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December Book Review
News of a Kidnapping by Gabriel García Márquez, Alfred A. Knopf, 1997.
Gabriel García Márquez began his Nobel Prize winning career as a reporter for El Espectador in the 1950s. And now he returns to his journalistic roots in this fast-moving thriller about a series of 10 politically-motivated kidnappings that rocked Colombia in 1990.
Welcome to Colombia
Welcome to García Márquez's native land where criminals blow up hundreds of innocents with car bombs and remember to return the diamond rings of one of their kidnap victims, where guards alternate between pointing guns at their captives' heads and baking them birthday cakes, and where army generals, drug kingpins, teenage hoodlums and the families of hostages all fervently pray to the same Blessed Virgin.
In this stranger-than-life story, the author reveals the passion and the chaos of Colombia, which by 1990 was being consumed by a three-sided civil war between the government, guerrillas and drug traffickers. Stripped of fictional techniques, "News of a Kidnapping" takes on a harder, less dreamy edge. The phantasmagorical world of García Márquez's novels appears more as a continuation than a departure from reality.
The book begins with a moment-by-moment account of the kidnapping of Maruja Pachón and her sister-in-law Beatriz Villamizar de Guerrero ( Like all but one of the other hostages, they are journalists). And, the story ends with the negotiated surrender of the elusive Pablo Escobar and his closest lieutenants. García Márquez conducted detailed interviews with the survivors and family members. And, what emerges is an intimate portrait of the despair and the powerlssness of being a kidnap victim as well as the occasional moments of soaring courage where the human spirit transcends even the most evil of circumstances.
"As García Márquez Draws Us Further into the World of the Hostages..."
And as García Márquez draws us further into the world of the hostages, we begin to re-evaluate our own freedom and what life would be like without it. Likewise, he brings us to ask ourselves how we would cope with a situation in which we might die a senseless death at any moment and also whether we could find meaning in a life where the absolute lack of a certain future mocks one's every action.
Simultaneously, the author leads into the personal lives of the hostages' families. And he allows us to share the heart-wrenching feeling of what it means to wait for a loved one who may never come home.
Yet, Garcia Marquez deflates the soap opera sentimentality that his story could have drifted off into if it were in less skillful hands. Nowhere is he better at this than in his description of the reunion of Beatriz and her husband:
"He walked out of the bedroom with admirable self-control. Beatriz and hemarried for 25 yearsexchanged an unhurried embrace, not shedding a tear, as if she were back from a short trip. Both had thought so much about this moment that when the time came to live it, their reunion was like a scene in a play, rehearsed a thousand times, capable of moving everyone but the actors."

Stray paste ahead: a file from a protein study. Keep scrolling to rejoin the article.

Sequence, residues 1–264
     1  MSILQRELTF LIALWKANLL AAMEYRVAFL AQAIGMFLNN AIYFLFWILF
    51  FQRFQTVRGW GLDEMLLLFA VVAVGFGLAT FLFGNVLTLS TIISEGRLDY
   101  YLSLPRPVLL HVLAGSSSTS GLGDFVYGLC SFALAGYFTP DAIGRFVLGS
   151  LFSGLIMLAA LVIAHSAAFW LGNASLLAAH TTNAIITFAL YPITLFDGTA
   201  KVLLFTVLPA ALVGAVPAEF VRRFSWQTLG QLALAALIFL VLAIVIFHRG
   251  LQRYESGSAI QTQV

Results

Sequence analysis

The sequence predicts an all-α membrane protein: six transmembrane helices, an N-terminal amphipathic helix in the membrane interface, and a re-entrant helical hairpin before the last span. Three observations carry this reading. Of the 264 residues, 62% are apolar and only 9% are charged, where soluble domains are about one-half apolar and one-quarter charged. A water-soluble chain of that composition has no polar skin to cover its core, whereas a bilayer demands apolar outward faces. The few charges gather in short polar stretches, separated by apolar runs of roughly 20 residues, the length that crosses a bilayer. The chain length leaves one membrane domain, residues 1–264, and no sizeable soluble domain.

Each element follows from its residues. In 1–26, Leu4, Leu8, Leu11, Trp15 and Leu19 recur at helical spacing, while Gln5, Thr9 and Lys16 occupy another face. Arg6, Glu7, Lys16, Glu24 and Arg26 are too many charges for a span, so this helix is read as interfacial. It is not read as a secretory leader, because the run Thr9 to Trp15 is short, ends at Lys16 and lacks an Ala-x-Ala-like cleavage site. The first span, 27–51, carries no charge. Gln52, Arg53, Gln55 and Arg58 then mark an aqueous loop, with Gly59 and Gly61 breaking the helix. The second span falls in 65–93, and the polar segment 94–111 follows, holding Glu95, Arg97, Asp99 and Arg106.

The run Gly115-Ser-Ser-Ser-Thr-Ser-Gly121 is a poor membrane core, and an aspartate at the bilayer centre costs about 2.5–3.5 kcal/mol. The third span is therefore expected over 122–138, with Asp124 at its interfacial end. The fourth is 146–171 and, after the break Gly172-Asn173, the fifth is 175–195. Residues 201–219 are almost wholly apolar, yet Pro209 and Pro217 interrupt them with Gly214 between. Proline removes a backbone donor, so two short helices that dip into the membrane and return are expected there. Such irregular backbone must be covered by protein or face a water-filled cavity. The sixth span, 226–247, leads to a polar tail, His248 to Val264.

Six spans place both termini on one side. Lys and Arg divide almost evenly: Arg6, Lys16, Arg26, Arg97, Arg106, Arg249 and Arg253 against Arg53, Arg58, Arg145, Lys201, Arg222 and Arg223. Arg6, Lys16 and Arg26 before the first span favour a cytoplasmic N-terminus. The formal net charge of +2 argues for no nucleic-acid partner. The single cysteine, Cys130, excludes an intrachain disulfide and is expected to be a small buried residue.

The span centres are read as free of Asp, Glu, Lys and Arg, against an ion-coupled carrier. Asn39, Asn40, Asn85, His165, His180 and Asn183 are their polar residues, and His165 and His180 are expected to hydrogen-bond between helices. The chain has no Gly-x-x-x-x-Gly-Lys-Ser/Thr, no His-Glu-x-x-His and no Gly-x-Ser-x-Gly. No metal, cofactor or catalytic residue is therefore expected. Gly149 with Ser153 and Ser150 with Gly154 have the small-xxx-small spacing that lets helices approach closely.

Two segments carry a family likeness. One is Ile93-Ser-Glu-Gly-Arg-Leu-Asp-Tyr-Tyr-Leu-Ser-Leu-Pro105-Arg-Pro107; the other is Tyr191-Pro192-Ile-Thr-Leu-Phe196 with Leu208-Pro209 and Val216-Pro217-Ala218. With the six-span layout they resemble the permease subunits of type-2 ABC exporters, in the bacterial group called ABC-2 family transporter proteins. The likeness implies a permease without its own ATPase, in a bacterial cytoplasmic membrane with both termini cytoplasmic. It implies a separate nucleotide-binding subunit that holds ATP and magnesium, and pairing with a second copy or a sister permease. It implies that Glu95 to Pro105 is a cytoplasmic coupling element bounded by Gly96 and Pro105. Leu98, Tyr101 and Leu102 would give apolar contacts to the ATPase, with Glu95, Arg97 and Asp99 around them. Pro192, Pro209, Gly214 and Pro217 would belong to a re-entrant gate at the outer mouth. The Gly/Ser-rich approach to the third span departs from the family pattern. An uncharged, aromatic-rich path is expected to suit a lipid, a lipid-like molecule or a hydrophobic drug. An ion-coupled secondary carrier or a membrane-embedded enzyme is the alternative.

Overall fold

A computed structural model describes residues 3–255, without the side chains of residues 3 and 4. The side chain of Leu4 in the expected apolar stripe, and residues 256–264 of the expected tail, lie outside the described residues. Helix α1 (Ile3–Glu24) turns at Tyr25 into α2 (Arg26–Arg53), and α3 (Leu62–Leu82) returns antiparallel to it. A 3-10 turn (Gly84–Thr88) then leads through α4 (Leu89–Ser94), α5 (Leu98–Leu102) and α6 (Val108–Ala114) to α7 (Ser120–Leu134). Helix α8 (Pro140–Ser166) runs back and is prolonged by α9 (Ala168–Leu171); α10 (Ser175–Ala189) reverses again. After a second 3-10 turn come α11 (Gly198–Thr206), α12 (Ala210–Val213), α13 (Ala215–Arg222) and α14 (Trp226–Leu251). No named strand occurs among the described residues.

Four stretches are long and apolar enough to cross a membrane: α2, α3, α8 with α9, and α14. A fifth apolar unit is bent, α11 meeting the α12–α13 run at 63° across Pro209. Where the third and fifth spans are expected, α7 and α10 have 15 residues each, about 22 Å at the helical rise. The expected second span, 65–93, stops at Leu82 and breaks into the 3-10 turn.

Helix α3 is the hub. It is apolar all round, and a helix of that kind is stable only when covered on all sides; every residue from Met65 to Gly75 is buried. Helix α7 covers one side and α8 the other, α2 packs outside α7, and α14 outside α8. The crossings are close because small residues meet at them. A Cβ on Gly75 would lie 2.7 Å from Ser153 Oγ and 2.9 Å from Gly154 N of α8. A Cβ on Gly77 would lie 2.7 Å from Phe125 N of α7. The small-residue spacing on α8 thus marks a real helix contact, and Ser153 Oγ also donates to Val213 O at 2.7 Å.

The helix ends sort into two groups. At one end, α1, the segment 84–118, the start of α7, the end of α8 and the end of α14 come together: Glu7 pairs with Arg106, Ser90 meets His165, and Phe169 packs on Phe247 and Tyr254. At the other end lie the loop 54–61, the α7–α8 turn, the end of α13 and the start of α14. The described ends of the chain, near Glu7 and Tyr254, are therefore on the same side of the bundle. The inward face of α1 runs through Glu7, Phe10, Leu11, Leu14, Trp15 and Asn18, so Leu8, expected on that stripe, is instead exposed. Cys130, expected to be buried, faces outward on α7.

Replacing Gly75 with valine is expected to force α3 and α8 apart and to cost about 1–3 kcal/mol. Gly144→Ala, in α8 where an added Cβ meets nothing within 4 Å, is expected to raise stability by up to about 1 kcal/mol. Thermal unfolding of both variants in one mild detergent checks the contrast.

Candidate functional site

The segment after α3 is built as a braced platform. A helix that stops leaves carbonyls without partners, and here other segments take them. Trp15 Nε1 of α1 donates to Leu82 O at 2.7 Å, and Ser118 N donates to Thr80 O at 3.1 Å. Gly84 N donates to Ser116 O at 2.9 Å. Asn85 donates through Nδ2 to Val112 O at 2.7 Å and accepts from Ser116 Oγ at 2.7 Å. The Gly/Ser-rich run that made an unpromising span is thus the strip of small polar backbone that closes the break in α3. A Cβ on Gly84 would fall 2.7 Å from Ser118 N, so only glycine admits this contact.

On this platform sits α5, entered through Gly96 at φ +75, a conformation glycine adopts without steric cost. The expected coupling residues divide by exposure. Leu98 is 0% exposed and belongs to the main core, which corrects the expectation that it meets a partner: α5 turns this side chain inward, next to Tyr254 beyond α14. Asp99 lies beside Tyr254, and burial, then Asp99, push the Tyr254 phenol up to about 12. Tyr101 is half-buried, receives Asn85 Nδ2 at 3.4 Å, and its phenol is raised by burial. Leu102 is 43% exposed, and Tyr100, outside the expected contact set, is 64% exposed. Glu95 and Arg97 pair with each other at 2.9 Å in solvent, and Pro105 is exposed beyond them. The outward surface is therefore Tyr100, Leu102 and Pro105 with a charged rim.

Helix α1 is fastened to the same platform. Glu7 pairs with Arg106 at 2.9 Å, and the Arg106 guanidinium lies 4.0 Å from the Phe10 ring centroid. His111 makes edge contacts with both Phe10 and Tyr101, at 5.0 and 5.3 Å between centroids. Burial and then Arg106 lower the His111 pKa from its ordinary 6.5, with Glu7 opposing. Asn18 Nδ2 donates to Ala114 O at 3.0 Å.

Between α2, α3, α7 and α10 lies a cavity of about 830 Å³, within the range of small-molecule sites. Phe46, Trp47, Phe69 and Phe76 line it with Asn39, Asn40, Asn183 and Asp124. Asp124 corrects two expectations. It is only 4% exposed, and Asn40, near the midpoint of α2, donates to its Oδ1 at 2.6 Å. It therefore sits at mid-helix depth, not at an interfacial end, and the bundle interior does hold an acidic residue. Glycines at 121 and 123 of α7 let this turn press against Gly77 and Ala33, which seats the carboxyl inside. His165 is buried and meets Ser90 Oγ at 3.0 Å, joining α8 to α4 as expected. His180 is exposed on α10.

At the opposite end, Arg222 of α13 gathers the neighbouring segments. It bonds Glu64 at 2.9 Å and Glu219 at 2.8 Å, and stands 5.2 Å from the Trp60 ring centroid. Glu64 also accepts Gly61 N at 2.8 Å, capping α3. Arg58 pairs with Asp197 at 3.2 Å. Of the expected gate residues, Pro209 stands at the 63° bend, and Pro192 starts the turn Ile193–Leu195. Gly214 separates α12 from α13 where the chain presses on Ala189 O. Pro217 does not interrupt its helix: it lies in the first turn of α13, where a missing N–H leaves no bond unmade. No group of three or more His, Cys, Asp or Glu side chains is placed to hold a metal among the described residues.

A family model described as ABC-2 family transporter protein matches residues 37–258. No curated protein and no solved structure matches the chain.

Personal Tragedy Becomes National Tragedy
The ghostly pallor of the hostages' captivity is magnified by the fact that their only tenuous connections to the outside world are the radio and above all television, which they watch religiously for months in search of secret messages from their colleagues. And, it was through the power of the mass media to emphasize a certain story (recall the Iranian Hostage Crisis that obsessed the U.S. in 1979-80) that the sufferings of the refined, upper class hostages and their family members were elevated from the realm of personal tragedy to national tragedy.
Throughout "News of a Kidnapping", García Márquez tends to share the selective morality of the upper class, in which the lives of the Rich and the Well-Connected are assumed to be worth infinitely more than those of the peasants, political activists and young slum dwellers who are routinely offed by the police and paramilitary forces in Colombia just on the suspicion that they might be sympathetic to either the guerrillas or the drug traffickers.
Throughout the book, García Márquez keeps a shroud of mystery over Pablo Escobar, legendary leader of the Medellin Drug Cartel and mastermind of the kidnappings.
Escobar, who began his career in crime by stealing tombstones, had by then accumulated an estimated fortune of $3 billion. But, he could no longer sleep in the same place twice or know a day of peace. He and other members of "Los Extridables" (The Extriditables) feared only one thing: being deported to the United States.
We first meet Escobar through his car bombs, then his savvy press releases, then his lawyer, then during a telephone call, then in a glimpse of a mansion he kept stocked with giraffes and hippopatamuses and finally in person when an 82 year-old celebrity priest and the husband of Maruja Pachón persuade him and his followers to voluntarily surrender and move into a prison of their own liking. García Márquez writes,
"When the helicopter landed on the grass, some fifteen bodyguards moved away from the group and walked uneasily to the helicopter in a circle around a man who was in no way inconspicuous. He had hair down to his shoulders, a very thick, rough-looking black beard that reached to his chest, and skin burned and weathered by a desert sun. He was thick-set, wore tennis shoes and a light-blue cotton jacket, had an easy walk and a chilling calm. Villamizar knew who he was at first sight only because he was different from all the other men he had ever seen in his life."
"News of a Kidnapping" has some of the qualities of a great García Márquez novel. And, it will definately be of interest to anyone who wishes to learn more about Latin American culture or who is a fan of the author's sparkling prose.
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